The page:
This seminar will be held in English.

Seminar Course - Virtualization Techniques (IN0014, IN2107, IN4609)

Lecturer (assistant)
Duration2 SWS
TermSommersemester 2017
Position within curriculaSee TUMonline

Course criteria & registration


Virtualization of computing systems incorporates the topics computer architecture, operating systems and compiler development.

In this seminar we will focus on architectural concepts. Virtual sytems are used for different reasons: to run applications compiled for another architectecure, to build platform independant software, for easier maintenance of hardware, for better utilization of resources (consolidation), or for analysis of software during runtime for optimizations and error checking. The availability of fast and cheap hardware increased the utilization of virtualization solutions, especially also for outsourcing hardware to cloud providers.


The seminar will present concrete Virtual Machines and the techniques to make them fast. Below is a list of suggested topics, but if you are interested in a specific VM implementation not listed, chances are high that we can make a talk topic out of it, given that there is enough (scientific) literature.

Possible topics:

  • Overview: definition, classification, important terms
  • Efficient Translation Techniques (JIT):
    • Binary ISA Translation, e.g. QEmu
    • Efficient web applications (e.g. JavaScript V8, Chakra, asm.js, webasm)
    • Process Observation: Valgrind / PIN
  • Higher level VMs
    • .NET, JVM, Android Dalvik/ART
    • Google Native/Portable Client
  • System-VMs
    • Xen/Paravirtualization
    • Hosted VMs: KVM / Virtualbox
    • Hardware Extensions for System-VMs: Intel, ARM
    • Library-OSes (OSv, MirageOS)
    • HW/SW-Codesign for VMs: Transmeta, NVidia X1
  • Containers: Solaris/Oracle Zones, Linux Containers (LXC)


(Supervisor in parenthesis)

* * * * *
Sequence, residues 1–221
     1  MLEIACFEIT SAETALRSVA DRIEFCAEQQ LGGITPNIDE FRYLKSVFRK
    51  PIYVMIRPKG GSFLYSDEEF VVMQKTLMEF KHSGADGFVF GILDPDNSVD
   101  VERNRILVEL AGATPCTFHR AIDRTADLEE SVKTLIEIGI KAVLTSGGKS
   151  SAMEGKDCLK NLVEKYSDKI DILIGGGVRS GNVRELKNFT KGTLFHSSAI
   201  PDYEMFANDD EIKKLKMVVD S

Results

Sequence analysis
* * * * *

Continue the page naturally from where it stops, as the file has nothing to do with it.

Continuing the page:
• GraalVM for JVM (Josef Weidendorfer)
  • Library-OSes: OS-V, MirageOS (Josef Weidendorfer)
  • Paravirtualization/Xen (Dai Yang)
  • HW Extensions for VMs: Intel/ARM (Marcel Meyer)
  • Containers (CGroups, Docker) (Isaias Compres)
  • Pin/Valgrind (Andreas Wilhelm)
  • Google Native/Portable Client (Josef Weidendorfer)
  • Asm.js/WebAsm (Tilman Küstner)
  • JavaScript Engines (V8) (Josef Weidendorfer)
  • Hosted System-VMs: KVM (Dai Yang)
  • Minimal Hyervisors: Jailhouse (Andreas Wilhelm)
  • ISA translation, QEmu (Josef Weidendorfer)

Important Dates

  • before May 11: meeting with supervisor on content/outline (you should work into the topic before and present a proposal for an outline)
  • May 11, 16:30 in 01.06.020: 2-min. flash talks
  • June 2: deadline for paper draft (to send to supervisor)
  • June 16: end of peer review
  • June 28: deadline for final paper
  • July 4/5: block seminar (Tue/Wed afternoons 14:00-18:00, room FMI 01.08.011)


  • After registration and topic assignment, your attendance is mandatory (not appearing will be "5/not shown up" in TUMonline)
  • Searching for literature: starting immediately
  • 1st month SS17: make up a meeting with your supervisor (see above), discussing about the literature selection and outline of your paper and presentation (you should prepare that yourself before the meeting!).
  • May 11, 15:30 in 01.06.020: meeting with 2-minute flash talks
  • Paper: 8 - 10 pages. Send your paper (final from your point of view!) at draft deadline to the supervisor. Please use this Latex template.
  • Peer review: 1 week after paper draft deadline. Every student randomly gets 2 papers from other students.
  • Final paper version (with corrections from peers/supervisor comments) is due 1 week before block seminar event.
  • Presentation: 25 min. (with 10-15 min. discussion afterwards)